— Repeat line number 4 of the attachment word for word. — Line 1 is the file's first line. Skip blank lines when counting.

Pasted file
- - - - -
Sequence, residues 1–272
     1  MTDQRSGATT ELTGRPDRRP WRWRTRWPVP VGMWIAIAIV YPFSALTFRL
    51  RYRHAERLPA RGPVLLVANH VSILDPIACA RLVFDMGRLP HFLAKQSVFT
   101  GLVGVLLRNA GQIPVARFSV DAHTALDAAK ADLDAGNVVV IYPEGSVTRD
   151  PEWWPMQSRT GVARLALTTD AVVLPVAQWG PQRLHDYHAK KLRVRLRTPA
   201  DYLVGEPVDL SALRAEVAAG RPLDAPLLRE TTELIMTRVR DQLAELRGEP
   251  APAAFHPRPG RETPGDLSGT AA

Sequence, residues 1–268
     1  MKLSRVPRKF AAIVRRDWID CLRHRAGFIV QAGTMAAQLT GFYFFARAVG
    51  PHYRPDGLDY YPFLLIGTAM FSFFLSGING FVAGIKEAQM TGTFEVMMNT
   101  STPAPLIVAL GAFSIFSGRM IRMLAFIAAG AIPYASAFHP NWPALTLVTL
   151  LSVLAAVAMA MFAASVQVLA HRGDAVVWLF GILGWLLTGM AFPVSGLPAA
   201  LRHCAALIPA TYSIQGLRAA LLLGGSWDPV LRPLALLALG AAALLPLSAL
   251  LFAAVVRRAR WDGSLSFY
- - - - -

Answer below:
   101  GLVGVLLRNA GQIPVARFSV DAHTALDAAK ADLDAGNVVV IYPEGSVTRD